A common statement about Korean cinema is that its films seem to be able to change genre and tone on a dime and do it better than just about anyone else. So it shouldn't be much of a surprise when the tone of Scarlet Innocence changes dramatically somewhere around the end of the first third of it. And yet, after being lulled into what could have been a low rent melodrama with cliche situations, the turn in the film towards high rent juicy melodrama with brighter colours, sweatier lust and lots of vengeance is not only unexpected, but so very welcomed.
It's not that the opening third is dull or boring, but it seems very conventionally set up to be a straightforward drama as checkboxes start getting ticked off. The story begins with a disgraced teacher moving to a small town to begin again and a student who starts to develop a crush on him. It evolves as you might expect and does so with a slow pace and decently constructed characters. It feels like it's building into a standard soap opera - nothing overly compelling, but still enough to keep the interest level from waning. But just as you think you've properly slotted the one note tone of the film, it shifts several gears at once - pretty much stripping the transmission completely. The single scene that accomplishes this precedes a jump forward of several years and suddenly the palette is more vibrant, the score more of a presence and all the emotions seem pitched higher, louder and broader. And it becomes a great deal of fun.
Suddenly there is betrayal, scandal, gangsters, gambling houses and all manner of bad behaviour. It also stops feeding you the story and expects you to keep up, fill in the details yourself or just sit back and give the director some confidence that he'll get you caught up soon enough. If the plot elements start getting a bit sillier, it's forgiven given the new context of the film as top notch melodrama (with perhaps a bit more brutality than Sirk may have used). And all this from an ancient Korean story of a daughter's devotion to her blind father...Seriously, you just never know where Korean cinema is going to wind up.
Tuesday 2 September 2014
After being cooped up in a cottage for an entire week (not that I'm complaining), I went on a bit of a movie bender and dove into some titles from the 60s and 70s. Almost as much fun as watching these films (and I was treated to some great stuff) was spotting some future stars in very early film appearances. Here's a quick run down of a few I stumbled across...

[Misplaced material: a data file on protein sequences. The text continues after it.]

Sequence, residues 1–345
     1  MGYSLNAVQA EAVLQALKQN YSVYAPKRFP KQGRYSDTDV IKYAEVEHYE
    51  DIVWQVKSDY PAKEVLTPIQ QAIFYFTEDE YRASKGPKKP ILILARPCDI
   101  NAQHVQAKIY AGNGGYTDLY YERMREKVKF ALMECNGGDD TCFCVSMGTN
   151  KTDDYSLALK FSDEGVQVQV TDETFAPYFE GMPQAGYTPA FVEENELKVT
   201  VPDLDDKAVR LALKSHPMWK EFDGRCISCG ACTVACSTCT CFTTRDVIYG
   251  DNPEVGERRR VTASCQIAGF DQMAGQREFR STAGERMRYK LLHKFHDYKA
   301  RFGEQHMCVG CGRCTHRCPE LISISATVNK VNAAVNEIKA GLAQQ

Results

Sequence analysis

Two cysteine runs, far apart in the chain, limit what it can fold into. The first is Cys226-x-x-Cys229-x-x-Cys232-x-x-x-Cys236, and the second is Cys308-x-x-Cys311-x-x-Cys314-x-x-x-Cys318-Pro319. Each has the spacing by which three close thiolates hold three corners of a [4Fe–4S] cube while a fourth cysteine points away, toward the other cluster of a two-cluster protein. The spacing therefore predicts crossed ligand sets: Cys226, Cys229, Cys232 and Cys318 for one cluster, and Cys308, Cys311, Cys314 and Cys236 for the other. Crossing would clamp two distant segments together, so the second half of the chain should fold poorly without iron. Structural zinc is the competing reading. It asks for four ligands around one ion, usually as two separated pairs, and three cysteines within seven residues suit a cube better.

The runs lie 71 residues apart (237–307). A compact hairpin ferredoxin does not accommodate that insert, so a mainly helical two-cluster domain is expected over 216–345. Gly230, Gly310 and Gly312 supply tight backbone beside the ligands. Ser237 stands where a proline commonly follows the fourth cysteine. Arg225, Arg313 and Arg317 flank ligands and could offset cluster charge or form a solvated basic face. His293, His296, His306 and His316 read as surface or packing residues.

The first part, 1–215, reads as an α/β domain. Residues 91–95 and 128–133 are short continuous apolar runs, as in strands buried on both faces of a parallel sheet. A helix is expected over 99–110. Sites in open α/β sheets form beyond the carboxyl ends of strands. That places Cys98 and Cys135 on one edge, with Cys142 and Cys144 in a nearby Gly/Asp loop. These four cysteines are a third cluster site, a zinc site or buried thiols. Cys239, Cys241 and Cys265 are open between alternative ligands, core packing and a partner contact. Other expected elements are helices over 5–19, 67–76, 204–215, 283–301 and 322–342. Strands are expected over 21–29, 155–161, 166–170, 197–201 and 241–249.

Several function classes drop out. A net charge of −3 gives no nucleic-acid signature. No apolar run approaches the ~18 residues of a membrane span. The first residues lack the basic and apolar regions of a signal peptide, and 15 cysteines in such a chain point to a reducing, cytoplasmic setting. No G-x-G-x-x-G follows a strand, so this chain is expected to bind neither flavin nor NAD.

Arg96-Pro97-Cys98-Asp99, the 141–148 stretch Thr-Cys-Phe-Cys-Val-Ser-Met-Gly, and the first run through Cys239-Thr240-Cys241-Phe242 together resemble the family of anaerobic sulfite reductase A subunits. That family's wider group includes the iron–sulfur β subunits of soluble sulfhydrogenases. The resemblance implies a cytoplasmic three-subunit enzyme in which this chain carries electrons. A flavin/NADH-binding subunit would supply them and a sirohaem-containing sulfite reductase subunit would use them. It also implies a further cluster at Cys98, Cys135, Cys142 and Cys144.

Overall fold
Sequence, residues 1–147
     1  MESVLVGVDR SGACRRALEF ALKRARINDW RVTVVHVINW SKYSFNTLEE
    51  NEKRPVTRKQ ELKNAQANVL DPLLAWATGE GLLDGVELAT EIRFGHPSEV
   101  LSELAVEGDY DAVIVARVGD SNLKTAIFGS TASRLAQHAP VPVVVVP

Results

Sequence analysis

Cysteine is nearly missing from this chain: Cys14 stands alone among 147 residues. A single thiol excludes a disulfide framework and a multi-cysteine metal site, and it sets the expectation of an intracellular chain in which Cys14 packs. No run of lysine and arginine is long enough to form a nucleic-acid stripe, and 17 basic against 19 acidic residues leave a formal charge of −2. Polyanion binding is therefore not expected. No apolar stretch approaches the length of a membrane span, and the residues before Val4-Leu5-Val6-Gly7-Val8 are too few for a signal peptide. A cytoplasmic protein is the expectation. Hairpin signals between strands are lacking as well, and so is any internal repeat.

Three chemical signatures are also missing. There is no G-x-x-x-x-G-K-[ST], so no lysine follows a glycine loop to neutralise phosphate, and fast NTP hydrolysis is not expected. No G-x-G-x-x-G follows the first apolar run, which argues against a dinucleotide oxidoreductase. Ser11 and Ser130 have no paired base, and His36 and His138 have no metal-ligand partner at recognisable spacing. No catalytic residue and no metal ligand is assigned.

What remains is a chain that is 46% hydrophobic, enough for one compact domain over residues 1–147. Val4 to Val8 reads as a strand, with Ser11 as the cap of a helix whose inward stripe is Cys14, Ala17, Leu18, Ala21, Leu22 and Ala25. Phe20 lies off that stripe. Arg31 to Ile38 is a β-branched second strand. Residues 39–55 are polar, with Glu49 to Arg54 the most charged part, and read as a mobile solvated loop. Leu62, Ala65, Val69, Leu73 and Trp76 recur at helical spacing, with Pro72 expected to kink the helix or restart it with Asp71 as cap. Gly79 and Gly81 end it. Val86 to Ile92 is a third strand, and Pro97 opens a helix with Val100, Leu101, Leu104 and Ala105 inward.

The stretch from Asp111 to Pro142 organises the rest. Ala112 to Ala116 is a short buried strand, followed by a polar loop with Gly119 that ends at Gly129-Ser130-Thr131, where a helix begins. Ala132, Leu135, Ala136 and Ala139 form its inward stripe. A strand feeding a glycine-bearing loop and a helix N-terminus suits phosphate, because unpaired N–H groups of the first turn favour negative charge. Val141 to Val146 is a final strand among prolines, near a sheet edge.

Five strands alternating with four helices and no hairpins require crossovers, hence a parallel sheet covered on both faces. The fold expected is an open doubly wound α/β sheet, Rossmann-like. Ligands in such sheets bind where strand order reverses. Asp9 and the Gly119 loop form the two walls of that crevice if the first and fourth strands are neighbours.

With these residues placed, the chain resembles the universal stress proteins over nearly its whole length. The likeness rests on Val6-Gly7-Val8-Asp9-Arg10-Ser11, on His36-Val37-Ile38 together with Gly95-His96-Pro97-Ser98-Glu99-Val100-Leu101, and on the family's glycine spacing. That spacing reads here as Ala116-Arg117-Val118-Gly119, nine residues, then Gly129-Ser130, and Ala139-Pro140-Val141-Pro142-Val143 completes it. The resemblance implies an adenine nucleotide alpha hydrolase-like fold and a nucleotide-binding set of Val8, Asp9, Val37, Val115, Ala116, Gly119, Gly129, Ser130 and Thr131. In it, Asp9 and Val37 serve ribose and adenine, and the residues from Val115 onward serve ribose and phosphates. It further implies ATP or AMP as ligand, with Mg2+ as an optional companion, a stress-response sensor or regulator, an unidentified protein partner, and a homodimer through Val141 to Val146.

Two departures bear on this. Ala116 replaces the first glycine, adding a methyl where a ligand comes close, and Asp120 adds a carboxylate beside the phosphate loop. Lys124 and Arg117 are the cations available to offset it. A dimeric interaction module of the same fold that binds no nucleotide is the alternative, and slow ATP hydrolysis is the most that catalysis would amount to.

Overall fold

Donald Sutherland (in "The Bedford Incident")
This fine and surprising maritime thriller had some awesome talent in it: Richard Widmark, Sidney Poitier, Martin Balsam, Wally Cox, etc. It also happened to contain one of the very first film roles for this young Canadian lad. Nothing to really indicate his future career, but he manages to get in a few smirks.
Peter Bonerz (in "What Ever Happened To Aunt Alice")
OK, so he may not be a big name nor even a very recognizable one, but Bonerz's role as dentist Dr. Jerry Robinson on The Bob Newhart Show (a major component of my childhood) is an old favourite. So it was nice to see him (even if just a scant few years before that classic sitcom started) in this entertaining and blackly comic suspense film. He looks so baby-faced.
Christopher Guest (in "Deathwish")
Speaking of baby-faced kids, you can definitely buy Christopher Guest as a rookie cop in this scene near the end of "Deathwish". Not a lot of room for improv, but I'd like to think the outtakes between him and Vincent Gardenia were gold.
Olympia Dukakis (in "Deathwish")
Though she never gets a full on view of her face in her single scene, her voice has a nice dose of attitude as she provides an update to a police detective bullpen. You could tell. You could just tell she had something...
Jeff Goldblum (in "Deathwish")
It may have been my least favourite film of this bunch, but it sure had a great ratio of future successes in its secondary cast. After witnessing his performance as "Freak #1", though, you likely would have been hard-pressed to guess that Goldblum would be one of the ones to break out.
Joan Rivers (in "The Swimmer")
Though already known as a comedienne from TV, this was her first speaking role in a film. Both she and the scene are a bit awkward, but the entire film is profoundly odd, so it worked out well.
Bruce Dern (in "Hush...Hush, Sweet Charlotte")
Along with Hitchcock's "Marnie" in the same year, this was Dern's first big screen appearance (after several years on TV). And look at him now...